Dr. James Kauffman, the endocrinologist husband of slain Philadelphia radio host April Kauffman, now stands accused of her murder, which authorities allege he arranged with help of Pagan motorcycle gang members with whom he was selling illegal narcotics.
Kauffman committed suicide in his jail cell by hanging himself with a bed sheet, according to CBS.
That news in the high-profile case came the county prosecutor’s office, which announced charges against eight people in connection with the alleged drug ring, although only Kauffman and another man face murder accusations.
“The husband of New Jersey radio host April Kauffman, who was found dead in her Linwood, Atlantic County home back in 2012, has been charged with her murder,” reported ABC6.
Here’s what you need to know:
1. April Kauffman was Found Shot to Death in the Couple’s Bedroom
On Thursday, May 10, 2012, at approximately 11:29 a.m., “officers from Linwood Police Department responded to a 911call at a private residence located at 2 Woodstock Drive, Linwood. There was a report of an unconscious, non-responsive female at this location,” reports the Atlantic County prosecutor’s office.
The body was that of April Kauffman. “Upon arrival, responding police and emergency medical services personnel were met by the resident of the home, James M. Kauffman, who reported finding his wife, April Kauffman, 47, deceased inside the second floor bedroom of their residence,” the statement reads.
“Inside the second floor master bedroom of the residence, police and emergency medical service personnel discovered April Kaufman unconscious and lying face down on the floor. At 11:45 a.m., April Kauffman was pronounced dead. Atlantic County Medical Examiner Dr. Hydow Park, was notified and responded to the scene, at which time it was ascertained April Kauffman had sustained multiple gunshot wounds.”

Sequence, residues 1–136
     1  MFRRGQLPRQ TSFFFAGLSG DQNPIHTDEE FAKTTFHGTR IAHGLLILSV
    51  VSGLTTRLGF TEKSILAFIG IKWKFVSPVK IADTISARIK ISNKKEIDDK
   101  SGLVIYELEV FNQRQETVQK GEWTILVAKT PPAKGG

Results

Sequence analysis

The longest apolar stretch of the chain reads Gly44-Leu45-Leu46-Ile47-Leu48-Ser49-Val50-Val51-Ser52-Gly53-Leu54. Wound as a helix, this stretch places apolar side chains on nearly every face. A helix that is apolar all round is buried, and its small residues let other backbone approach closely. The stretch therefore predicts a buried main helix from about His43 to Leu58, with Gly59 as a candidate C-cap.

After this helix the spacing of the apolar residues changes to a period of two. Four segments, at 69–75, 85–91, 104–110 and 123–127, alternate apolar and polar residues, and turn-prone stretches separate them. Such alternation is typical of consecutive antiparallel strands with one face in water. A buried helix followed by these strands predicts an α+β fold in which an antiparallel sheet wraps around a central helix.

2. Prosecutors Now Allege That Dr. Kauffman Hired a Motorcycle Gang Member’s Relative to Kill His Wife After She Threatened Divorce
In a statement placed online, the Atlantic County prosecutor, Damon G. Tyner, announced: “After a cooperative investigation between the Atlantic County Prosecutor’s Office and multiple law enforcement agencies, eight individuals have been charged in connection to the murder of April Kauffman, as well as, conspiracy and racketeering.” The prosecution alleges that Kauffmann was already involved with a motorcycle gang to traffic drugs and then used contacts in the gang to allegedly murder his wife.
James Kauffman was charged with 1st degree Racketeering, 1st degree Leader, and Murder. Ferdinand Augello, 61, Petersburg, NJ, was charged with 1st degree Leader Charge, 1st degree Murder (April Kauffman), Conspiracy to Commit Murder James Kauffman, and 1st degree Racketeering; Joseph Mulholland, 52, Villas, was charged with 1st degree Racketeering; Beverly Augello, 47, Summerland Keys, FL, was charged with 1st degree Racketeering; Glenn Seeler, 37, Sanford, NC, was charged with 1st degree Racketeering; Paul Pagano, 61, Egg Harbor Township, was charged with 2nd degree Racketeering; Tabitha Chapman, 35, Absecon, 2nd degree Racketeering; and Cheryl Pizza, 36, Murrells Inlet, SC was charged with 2nd degree Racketeering. The alleged triggerman, Francis Mulholland, is described in the prosecutors’ statement but not listed among those charged.
“…it was determined that a long term alliance between members of the Pagan Outlaw Motorcycle Gang and former doctor, James Kauffman, was created for the mutual financial gain through the use of Kauffman’s medical practice for illegal drug distribution which culminated on May 10, 2012 with the ‘murder for hire’ of April Kauffman,” the prosecutors’ statement says.
“Prior to 2011, James Kauffman and Ferdinand Augello had a relationship which centered on James Kauffman’s medical practice. In the summer of 2011, James Kauffman solicited Ferdinand Augello to murder Kauffman’s wife, April Kauffman. This appears to be for numerous reasons largely centered on April Kauffman’s threats of divorce. James Kauffman stated he would sooner kill April than grant the divorce and lose ‘half his empire.’”
3. Kauffman Feared His Wife Would Expose His Illegal Drug Network, Prosecutors Allege
When James Kauffman objected to his wife’s divorce terms, prosecutors allege, he decided to have her killed: “April Kauffman threatened a number of actions to obtain divorce. In addition to her attempt to spend as much money as she could until a divorce was granted, April also threatened to expose the fraudulent and unlawful practices taking place at her husband’s medical office. Ultimately, James Kauffman made the decision to kill April Kauffman and, based on information and belief, Kauffman told Augello that April threatened to expose the illegal OXY distribution network they had established.”